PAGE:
Courtrooms improving attitudes toward lenders

With all of the controversy surrounding the housing market, the public — and several loud members of government — seems to have turned against lenders. 

They are evil! They want our money! They kicked a grandmother out of her house! 

…and so on.

One would assume that this hatred of lenders would translate into an unfavorable environment in the courtroom. But maybe that’s changing. 

I spoke with two lawyers at the Default Attorney Group Symposium held Thursday in Dallas, who seemed very optimistic about the changing perceptions of lenders in the courtroom.

Dan Consuegra, managing partner of the Law Offices of Daniel C. Consuegra in Tampa, Fla., said that the idea of lenders having the cards stacked against them in the courts is not a new one, but that the “tides are turning.” 

He said because the vast majority of mortgages are now current, less people are likely to hold lenders in such low regard.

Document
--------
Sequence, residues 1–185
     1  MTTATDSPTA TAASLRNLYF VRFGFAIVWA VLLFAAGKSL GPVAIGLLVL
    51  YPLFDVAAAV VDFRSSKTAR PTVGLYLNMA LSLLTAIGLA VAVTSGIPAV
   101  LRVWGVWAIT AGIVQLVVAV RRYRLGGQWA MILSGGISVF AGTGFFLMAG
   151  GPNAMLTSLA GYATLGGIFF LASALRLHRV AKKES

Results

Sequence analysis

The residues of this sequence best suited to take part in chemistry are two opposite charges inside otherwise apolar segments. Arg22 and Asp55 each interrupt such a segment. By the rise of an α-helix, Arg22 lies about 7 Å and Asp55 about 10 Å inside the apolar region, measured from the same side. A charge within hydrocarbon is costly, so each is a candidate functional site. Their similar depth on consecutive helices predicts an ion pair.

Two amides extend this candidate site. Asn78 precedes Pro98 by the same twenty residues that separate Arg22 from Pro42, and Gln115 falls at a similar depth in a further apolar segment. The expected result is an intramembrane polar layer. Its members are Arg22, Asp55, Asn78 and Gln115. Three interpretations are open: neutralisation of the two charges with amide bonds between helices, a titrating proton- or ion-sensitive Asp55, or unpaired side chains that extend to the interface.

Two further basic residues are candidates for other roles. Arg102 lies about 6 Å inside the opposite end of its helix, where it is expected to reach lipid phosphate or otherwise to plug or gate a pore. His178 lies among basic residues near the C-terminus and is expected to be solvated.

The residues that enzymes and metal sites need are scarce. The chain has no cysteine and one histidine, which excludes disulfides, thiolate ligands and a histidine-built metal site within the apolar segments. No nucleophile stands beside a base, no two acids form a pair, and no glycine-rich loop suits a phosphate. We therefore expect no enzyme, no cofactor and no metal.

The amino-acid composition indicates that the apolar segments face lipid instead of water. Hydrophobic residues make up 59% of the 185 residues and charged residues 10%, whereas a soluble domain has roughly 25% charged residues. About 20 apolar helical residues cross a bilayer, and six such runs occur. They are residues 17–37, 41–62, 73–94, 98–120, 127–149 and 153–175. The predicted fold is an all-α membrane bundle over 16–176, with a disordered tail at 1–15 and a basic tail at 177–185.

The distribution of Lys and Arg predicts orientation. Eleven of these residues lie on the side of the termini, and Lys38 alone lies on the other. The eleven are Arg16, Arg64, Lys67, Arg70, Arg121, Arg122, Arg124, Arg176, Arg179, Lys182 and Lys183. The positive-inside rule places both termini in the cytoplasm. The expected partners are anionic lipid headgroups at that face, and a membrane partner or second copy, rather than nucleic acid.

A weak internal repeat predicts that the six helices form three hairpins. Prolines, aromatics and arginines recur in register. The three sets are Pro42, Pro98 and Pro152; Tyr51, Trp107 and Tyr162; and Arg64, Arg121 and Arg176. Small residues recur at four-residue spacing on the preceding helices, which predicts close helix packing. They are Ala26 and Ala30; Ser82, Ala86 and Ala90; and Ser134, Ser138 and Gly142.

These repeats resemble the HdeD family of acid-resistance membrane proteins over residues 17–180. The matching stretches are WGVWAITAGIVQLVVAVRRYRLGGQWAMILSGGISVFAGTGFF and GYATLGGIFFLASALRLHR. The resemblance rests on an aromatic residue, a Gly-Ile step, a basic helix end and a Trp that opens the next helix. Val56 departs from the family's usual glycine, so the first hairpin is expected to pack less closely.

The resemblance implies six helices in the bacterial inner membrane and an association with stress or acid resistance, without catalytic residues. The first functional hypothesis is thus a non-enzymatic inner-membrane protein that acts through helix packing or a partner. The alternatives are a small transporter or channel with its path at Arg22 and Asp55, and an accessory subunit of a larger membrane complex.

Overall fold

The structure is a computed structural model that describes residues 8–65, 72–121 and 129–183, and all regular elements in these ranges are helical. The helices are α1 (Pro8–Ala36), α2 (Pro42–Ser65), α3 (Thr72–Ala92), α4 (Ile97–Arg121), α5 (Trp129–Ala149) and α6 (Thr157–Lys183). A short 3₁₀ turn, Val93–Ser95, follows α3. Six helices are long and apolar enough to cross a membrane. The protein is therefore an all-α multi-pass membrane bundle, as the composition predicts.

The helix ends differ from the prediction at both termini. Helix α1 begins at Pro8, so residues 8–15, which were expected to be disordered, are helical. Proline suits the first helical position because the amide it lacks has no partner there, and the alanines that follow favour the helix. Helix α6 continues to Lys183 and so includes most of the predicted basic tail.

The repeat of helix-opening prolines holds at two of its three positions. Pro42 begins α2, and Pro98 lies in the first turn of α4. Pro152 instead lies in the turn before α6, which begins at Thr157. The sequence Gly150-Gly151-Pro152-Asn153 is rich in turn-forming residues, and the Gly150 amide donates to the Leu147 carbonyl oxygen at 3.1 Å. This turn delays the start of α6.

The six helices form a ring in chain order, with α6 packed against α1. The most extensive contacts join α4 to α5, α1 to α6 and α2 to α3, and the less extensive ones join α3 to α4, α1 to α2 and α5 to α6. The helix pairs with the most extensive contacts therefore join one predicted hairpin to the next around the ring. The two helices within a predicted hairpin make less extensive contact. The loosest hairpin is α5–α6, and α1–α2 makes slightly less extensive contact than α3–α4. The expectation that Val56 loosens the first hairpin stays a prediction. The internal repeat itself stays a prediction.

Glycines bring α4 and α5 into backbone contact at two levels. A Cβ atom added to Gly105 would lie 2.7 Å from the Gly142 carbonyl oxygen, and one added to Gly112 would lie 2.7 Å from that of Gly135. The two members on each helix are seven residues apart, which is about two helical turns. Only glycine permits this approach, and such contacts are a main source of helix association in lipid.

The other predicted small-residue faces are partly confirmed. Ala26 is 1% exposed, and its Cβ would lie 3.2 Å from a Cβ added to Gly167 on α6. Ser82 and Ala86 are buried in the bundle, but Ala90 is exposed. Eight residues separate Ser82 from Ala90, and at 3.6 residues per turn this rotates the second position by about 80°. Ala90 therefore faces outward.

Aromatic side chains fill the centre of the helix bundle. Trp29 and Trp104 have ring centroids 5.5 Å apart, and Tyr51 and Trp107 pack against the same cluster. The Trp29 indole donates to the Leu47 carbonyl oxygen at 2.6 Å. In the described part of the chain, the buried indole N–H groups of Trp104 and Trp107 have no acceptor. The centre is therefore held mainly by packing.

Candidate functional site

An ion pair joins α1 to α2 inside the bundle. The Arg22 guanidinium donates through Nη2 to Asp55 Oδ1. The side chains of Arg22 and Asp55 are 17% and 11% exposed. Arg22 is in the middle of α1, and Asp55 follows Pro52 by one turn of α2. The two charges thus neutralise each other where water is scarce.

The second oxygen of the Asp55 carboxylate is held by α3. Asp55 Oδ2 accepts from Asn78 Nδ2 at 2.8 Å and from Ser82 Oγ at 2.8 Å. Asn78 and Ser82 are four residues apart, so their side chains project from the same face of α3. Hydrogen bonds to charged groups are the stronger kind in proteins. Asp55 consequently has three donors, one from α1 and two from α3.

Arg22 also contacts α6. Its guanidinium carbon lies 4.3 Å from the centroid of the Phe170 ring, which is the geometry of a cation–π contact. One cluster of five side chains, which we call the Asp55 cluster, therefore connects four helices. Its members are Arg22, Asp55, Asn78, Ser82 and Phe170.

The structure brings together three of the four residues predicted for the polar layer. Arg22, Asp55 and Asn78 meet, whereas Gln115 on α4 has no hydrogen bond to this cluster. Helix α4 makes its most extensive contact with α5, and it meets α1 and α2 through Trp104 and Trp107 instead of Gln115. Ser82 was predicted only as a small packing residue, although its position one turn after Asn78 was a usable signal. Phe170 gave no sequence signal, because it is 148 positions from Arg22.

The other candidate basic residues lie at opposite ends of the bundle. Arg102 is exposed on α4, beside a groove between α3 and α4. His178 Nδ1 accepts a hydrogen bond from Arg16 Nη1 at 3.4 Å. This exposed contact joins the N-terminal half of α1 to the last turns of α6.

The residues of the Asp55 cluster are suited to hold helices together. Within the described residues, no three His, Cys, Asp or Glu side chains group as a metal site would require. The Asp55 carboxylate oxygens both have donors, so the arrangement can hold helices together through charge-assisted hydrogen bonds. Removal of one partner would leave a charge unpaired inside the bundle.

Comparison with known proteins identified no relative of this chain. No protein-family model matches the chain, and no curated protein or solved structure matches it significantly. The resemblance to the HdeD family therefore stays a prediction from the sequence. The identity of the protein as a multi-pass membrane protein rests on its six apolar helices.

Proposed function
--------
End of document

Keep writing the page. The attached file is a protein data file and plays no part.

“There is a feeling in the public arena that certainly there should be some concessions, on the one hand, but, on the other, it is fair to enforce the promises that were made and to do so objectively,” he said. 

Top it off with the fact that people are just sick of this crisis, and we might be seeing some progress.

“Everyone at this point — both the public and judges — wants to see it over,” Consuegra said. “There is an emphasis on finishing the work that has to be done.”

Howard Crane, partner at Rochester, N.Y.-based Fein, Such & Crane, said he also believes the negative perception of lenders in courtrooms is beginning to die down, particularly because he believes lenders are improving the way they deal with homeowners.

“The lending community as a whole has responded very positively and has dedicated a significant amount of resources to trying to make sure that (progress) happens,” he said.   

Even though the environment is improving, Crane said the high cost of litigation and the uncertainty of outcome results in a “general tendency to encourage lenders to settle cases, as they always have and as they will probably continue to do.” 

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